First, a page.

Now in its 42nd year, directors say the Resource Centre is as big a part of the community as ever

Pictured at the relaunch of the Carnhill Resource Centre on Monday morning last are (L-R) Pat McGeehan, Charlie Farren, Sister Anna Doherty, Thomas McNulty, Matt McPhillips, John Hegarty, Mary Bradley, Liz Bonhan, Joe Bradley and Joe Martin. DER2216GS002
Pictured at the relaunch of the Carnhill Resource Centre on Monday morning last are (L-R) Pat McGeehan, Charlie Farren, Sister Anna Doherty, Thomas McNulty, Matt McPhillips, John Hegarty, Mary Bradley, Liz Bonhan, Joe Bradley and Joe Martin. DER2216GS002

Mention ‘Resource Centre’ in your average city and people will ask you which one you mean. When you say those words in Derry, people will know you’re talking about the Derry Resource Centre, situated at Carnhill.

The Resource Centre existed before there was a mature system of community development in place.

Chief executive Betty Feeney (centre) pictured at the relaunch of the Carnhill Resource Centre on Monday with Mary Bradley, Josephine Doherty, Marian Quinn and Gail Graham. DER2216GS001

Chief executive Betty Feeney (centre) pictured at the relaunch of the Carnhill Resource Centre on Monday with Mary Bradley, Josephine Doherty, Marian Quinn and Gail Graham. DER2216GS001

In December, 1974, Sister Anna Doherty aqcuired nine rooms above businesses at the bottom of the Racecourse Road.

In June, 1984, well established as a vital presence in community, the service moved into its current home in the Carnhill Housing Estate.

Since then, it has become an invaluable resource in the Greater Shantallow area.

There was a major need in the area from the mid seventies, when - in the middle of a housing crisis in Derry - sprawling estates had been built without much regard for the infrastructure surrounding them.

With initial support from the Community Relations Commission and a spend of £5,000, Sister Anna and others soon put plans in place which quickly became the backbone to a huge community.

“We knew we needed to do something,” said Sister Anna, as people gathered to mark the refurbishment of the centreon Tuesday past.

“We were dealing with problems related to welfare rights; helping the elderly in the community and supporting women to set up play groups in their own areas. We started a Meals on Wheels Service in the area, because again there was a major need.

“That service was started in March, 1975 and we got the food prepared at Steelstown Primary School.”

With a loan of £26,500 from the Sisters of Mercy, in June, 1984, Sister Anna and a team of workers and volunteers moved into the new premises where the Resource Centre has remained ever since.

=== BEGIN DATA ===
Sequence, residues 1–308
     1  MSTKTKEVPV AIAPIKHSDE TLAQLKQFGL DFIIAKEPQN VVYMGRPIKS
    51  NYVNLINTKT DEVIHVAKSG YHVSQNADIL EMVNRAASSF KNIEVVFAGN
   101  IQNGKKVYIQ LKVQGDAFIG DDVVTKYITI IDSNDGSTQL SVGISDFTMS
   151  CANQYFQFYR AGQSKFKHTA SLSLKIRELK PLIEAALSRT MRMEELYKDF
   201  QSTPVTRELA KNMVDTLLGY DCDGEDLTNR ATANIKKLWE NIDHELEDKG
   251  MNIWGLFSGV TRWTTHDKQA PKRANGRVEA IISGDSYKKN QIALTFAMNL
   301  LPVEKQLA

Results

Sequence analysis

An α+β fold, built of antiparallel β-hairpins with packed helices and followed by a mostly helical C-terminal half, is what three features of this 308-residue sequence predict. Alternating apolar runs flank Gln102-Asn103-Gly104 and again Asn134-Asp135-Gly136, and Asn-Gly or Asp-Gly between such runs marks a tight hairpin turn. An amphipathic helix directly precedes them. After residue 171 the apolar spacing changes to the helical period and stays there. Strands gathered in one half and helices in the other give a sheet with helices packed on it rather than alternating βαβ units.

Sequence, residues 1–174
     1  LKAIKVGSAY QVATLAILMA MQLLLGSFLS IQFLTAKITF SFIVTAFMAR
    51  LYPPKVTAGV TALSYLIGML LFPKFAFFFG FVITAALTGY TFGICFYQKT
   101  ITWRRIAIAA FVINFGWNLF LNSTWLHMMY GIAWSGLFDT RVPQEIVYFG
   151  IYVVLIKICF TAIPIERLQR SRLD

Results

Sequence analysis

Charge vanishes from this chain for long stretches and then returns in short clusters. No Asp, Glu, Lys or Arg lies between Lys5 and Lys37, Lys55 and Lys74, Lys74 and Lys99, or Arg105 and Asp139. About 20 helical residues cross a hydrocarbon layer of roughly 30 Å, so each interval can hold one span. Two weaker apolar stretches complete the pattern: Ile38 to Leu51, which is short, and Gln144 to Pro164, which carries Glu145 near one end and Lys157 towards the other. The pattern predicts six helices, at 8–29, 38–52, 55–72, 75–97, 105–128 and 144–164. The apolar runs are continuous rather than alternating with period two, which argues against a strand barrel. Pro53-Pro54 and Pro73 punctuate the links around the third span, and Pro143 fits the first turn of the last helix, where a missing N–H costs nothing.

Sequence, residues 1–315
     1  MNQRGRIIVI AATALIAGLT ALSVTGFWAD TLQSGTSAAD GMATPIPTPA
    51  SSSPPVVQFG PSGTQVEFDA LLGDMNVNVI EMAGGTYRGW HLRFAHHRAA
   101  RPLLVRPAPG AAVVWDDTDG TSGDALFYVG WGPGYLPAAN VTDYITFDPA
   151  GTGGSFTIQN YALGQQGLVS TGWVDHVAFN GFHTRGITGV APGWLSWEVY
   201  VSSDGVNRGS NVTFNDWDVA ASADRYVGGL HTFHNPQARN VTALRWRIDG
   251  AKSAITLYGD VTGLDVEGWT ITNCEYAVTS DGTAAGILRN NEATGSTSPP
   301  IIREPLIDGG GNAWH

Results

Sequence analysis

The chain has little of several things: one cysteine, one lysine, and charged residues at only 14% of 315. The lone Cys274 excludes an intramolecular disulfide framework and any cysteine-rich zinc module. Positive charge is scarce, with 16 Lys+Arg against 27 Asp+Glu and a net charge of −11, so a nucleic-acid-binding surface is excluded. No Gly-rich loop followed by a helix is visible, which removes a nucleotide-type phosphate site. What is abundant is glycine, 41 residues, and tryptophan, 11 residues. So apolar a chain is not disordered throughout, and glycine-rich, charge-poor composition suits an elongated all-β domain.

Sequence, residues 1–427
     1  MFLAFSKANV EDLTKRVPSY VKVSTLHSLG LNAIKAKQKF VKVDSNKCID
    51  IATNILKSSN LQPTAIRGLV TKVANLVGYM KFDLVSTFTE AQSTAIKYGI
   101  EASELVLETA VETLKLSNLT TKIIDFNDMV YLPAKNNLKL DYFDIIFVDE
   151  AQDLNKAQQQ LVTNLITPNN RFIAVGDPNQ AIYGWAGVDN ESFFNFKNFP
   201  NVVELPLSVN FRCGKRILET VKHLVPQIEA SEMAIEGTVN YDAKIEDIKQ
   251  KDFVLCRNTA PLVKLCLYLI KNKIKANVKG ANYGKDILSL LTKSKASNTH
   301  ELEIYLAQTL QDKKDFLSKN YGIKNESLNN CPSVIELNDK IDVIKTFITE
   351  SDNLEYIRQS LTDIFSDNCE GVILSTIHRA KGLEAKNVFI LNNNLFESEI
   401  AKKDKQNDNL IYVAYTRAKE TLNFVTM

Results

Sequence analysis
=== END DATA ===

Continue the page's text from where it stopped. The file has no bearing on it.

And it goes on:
Now in its 42nd year, the needs and challenges faced by those in the community is as great as ever.

Betty Feeney, a retired Resource Centre worker and now a member of the Board of Directors, is adamant that now, just the same as in 1974, the people in the local community are at the very heart of everything the centre does.

“We are a charitable organisation and a Christian organisation and as Christians we work together here in a community which has no infrastructure, very little support and high unemployment.

“This centre did not shoot up because funding had been secured, it was started because there was a need and to this day we are driven by what the people, who use these services, need.”

“We’re hugely thankful to the Sisters of Mercy for the conception and inception of the Resource Centre and to the Northside Development Trust for their support in terms of our refurbishment here.”

Director Mary Bradley, a former Mayor of Derry and SDLP councillor, recalled some of the major issues encountered by people in the area throughout the 1970s and 80s.

“Because there was such a need, the houses were built and that was it. Street lighting was a massive issue. There just wasn’t any. People from Carnhill had to walk to the top of the Rock Road for their nearest phone box.”

Decades later, and while access to a phone is no longer an issue for most people, issues like child poverty and unemployment seem more prevalent than ever.

“When you look at the fact that there are people depending on food banks now, you realise there’s still a problem,” says Marian Quinn, secretary of the Resource Centre board.

Director Betty Feeney said she believes that the priority in areas like Greater and Shantallow and other parts of Derry has to be to remove generational unemployment and ultimately alleviate poverty.

But working in the current climate, the staff at Derry’s Resource Centre know that demand for their services will continue to rise.

They maintain vital links, through service level agreements, with the Western Health and Social Care Boards and the Education Authority.

There are currently 1,270 children from Shantallow and Carnhill under the age of four registered with Surestart and services and countless numbers of senior citizens have also regularly come through the doors to take part in a vibrant programme of activities.

“Welfare advice services are also in major demand.

“We’ve adopted a holistic approach to things,” says Betty.

“The Resource Centre has always opened its doors to everyone. There is no cut off. We will never turn people away.”

Referring to Mother Catherine McCauley, who founded the first Sisters of Mercy House in Dublin, Sister Anna says her approach is the one which has also been taken by the Resource Centre in Derry.

“The door in the convent had double hinges, meaning it opens in the way and out the way.

“ In the Resource Centre we have always opened out to people in the community and we welcome people to us as well.”

CARNHILL RESOURSE

CENTRE CONTACT

For information on the Resource Centre and all of the services on offer there, telephone 02871 352832.